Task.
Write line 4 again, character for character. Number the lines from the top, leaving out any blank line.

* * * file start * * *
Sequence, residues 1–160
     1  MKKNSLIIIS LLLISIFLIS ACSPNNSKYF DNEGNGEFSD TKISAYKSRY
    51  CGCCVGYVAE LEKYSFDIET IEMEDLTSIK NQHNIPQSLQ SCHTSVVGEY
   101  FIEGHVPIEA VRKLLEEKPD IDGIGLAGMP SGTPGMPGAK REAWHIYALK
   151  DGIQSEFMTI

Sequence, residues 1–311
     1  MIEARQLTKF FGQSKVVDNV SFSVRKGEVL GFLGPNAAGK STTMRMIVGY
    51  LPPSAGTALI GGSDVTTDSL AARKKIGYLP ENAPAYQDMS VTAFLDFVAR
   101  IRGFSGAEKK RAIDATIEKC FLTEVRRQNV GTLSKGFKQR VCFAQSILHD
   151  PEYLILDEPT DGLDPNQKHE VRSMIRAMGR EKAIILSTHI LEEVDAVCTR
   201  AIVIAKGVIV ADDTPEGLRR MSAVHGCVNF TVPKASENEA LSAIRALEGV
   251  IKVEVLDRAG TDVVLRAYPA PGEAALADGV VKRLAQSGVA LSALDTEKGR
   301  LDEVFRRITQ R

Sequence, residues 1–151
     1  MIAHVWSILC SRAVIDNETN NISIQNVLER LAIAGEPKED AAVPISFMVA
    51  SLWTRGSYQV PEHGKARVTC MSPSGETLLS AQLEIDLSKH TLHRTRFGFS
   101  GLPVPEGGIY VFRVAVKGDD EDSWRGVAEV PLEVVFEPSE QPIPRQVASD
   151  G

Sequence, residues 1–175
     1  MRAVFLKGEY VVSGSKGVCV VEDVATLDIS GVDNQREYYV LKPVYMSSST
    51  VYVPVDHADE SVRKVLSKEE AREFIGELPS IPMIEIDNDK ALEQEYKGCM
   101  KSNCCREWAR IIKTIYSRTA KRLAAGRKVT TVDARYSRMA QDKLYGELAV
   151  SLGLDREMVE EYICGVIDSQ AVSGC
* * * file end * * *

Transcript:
   101  FIEGHVPIEA VRKLLEEKPD IDGIGLAGMP SGTPGMPGAK REAWHIYALK